To paraphrase Douglas Adams: Documentum is big. You just won’t believe how vastly, hugely, mind-bogglingly big it is. All that bigness can lead to some unexpected behavior as gears deep in the belly of the clockwork monstrosity grind against each other. Sometimes the impossible happens.
I’m going to tell you a story–it’s a mystery about folders and databases and conclusion jumping and the relativism of obviousness, but to appreciate the story requires some understanding of how folders really work. Be warned that things underneath look completely different than how they appear on the surface.
Documents and folders make up the bulk of the visible universe in Documentum. One thing they have in common is the need to “be somewhere”, inside a folder or a cabinet. Here’s where things start going Looking Glass: An object keeps a list of the folders and cabinets that contain it. Most people would expect parents (cabinets or folders) to keep lists of their children (folders and documents), but no! There’s no mammalian parental love here; children must fend for themselves.
That list is stored in a repeating attribute called i_folder_id. It contains one or more of Documentum’s internal identifiers, each being the r_object_id of one of its parents. (Every Documentum object has an r_object_id including plenty of “dark matter” objects the casual users never see.) Object IDs are those sixteen digit hexadecimal numbers. They’re great for the system because they’re guaranteed unique and never get reused, but not so nice on human eyes. In fact, the “i_” prefix here is Documentum’s shorthand for saying this is an internal attribute and people really shouldn’t look at it–and they absolutely shouldn’t ever try to change it themselves. Unless they’re mad, totally mad! Bwah-hahahaha! But I digress.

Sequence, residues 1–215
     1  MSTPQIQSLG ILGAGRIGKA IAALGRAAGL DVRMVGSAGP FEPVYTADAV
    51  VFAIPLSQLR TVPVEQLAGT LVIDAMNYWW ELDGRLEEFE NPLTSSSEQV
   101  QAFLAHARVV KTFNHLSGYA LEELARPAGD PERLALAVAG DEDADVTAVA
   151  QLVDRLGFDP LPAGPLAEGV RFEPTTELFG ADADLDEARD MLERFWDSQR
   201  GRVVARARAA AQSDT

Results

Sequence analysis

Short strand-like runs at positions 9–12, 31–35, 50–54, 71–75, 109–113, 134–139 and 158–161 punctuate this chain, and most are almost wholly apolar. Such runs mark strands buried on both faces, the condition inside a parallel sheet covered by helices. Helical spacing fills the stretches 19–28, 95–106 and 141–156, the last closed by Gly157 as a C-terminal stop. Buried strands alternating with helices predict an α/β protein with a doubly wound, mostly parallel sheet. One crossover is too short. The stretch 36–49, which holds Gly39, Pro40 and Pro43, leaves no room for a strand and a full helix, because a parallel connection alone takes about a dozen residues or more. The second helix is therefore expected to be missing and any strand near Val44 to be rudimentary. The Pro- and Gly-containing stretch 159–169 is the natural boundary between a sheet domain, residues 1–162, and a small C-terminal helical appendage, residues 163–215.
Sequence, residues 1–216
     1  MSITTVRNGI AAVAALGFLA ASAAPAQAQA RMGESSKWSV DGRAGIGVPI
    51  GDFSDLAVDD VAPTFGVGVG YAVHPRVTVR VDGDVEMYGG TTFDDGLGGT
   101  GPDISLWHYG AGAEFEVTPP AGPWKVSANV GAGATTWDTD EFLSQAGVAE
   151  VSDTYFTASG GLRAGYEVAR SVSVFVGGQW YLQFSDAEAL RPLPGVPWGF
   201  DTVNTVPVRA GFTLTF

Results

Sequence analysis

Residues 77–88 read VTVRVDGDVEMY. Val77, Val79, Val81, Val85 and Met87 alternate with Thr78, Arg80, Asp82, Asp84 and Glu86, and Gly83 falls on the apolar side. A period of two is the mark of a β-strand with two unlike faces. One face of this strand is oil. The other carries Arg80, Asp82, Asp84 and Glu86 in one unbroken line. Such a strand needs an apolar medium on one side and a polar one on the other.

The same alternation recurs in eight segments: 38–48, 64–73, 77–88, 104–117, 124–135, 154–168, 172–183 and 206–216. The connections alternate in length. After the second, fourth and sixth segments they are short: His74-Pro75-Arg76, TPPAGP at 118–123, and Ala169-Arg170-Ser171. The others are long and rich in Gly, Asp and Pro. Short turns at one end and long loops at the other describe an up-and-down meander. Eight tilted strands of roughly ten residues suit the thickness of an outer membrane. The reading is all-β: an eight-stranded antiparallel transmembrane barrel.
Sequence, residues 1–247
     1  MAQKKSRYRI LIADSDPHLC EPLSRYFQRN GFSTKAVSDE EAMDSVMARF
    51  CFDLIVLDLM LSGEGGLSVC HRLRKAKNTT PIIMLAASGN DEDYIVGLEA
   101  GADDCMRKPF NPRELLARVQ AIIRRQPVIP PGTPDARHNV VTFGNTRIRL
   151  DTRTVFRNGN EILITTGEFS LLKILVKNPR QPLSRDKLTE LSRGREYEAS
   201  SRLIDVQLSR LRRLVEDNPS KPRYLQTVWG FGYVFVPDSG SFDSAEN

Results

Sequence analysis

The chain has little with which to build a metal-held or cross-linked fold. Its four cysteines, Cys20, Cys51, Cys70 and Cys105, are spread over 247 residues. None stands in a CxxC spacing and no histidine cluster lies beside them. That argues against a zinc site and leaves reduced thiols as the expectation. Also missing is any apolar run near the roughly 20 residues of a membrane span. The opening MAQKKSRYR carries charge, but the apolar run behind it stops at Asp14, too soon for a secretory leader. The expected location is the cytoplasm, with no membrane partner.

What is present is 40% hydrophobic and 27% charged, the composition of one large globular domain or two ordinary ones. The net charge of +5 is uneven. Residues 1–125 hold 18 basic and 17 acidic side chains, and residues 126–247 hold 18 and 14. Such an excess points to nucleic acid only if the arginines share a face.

There are some good reasons to do it this way. Repeating attributes can really kill performance if they get too big, so it’s better to have a bunch of small lists on the children than a few really long lists on the parents. It also makes more sense to deal with containment on the child when you start thinking about other behaviors like change tracking, permissioning, and versioning. This is also why the folder metaphor really falls apart when things start getting interesting in a document management sense.
It does create some problems, the biggest of which is that it’s very hard to use a single query to walk back up this list or find things at an arbitrary depth. Walking back up a reverse linked list is an iterative (procedural) process, something that (functional) query languages don’t do very well–hence database procedures by the way. Documentum can’t make the folder metaphor work at all without something besides i_folder_id.
The solution was for each folder to keep a list of its own explicit paths–one kind of location in current webtop speak–in another repeating attribute called r_folder_path. Unlike i_folder_id, this is something you can see very easily by choosing “View > Locations” and looks like “/John Kominetz/Private Documents/World Domination Plans”. If you know that you’re looking for things in that exact location, you can write a query to find things in a snap by adding where folder(‘/yadda/yadda/yadda’). No arcane object ids or iterative processes required. It’s even what makes it easy to “do a descend” and find everything inside all the other folders inside the folder at “/yadda/yadda/yadda”.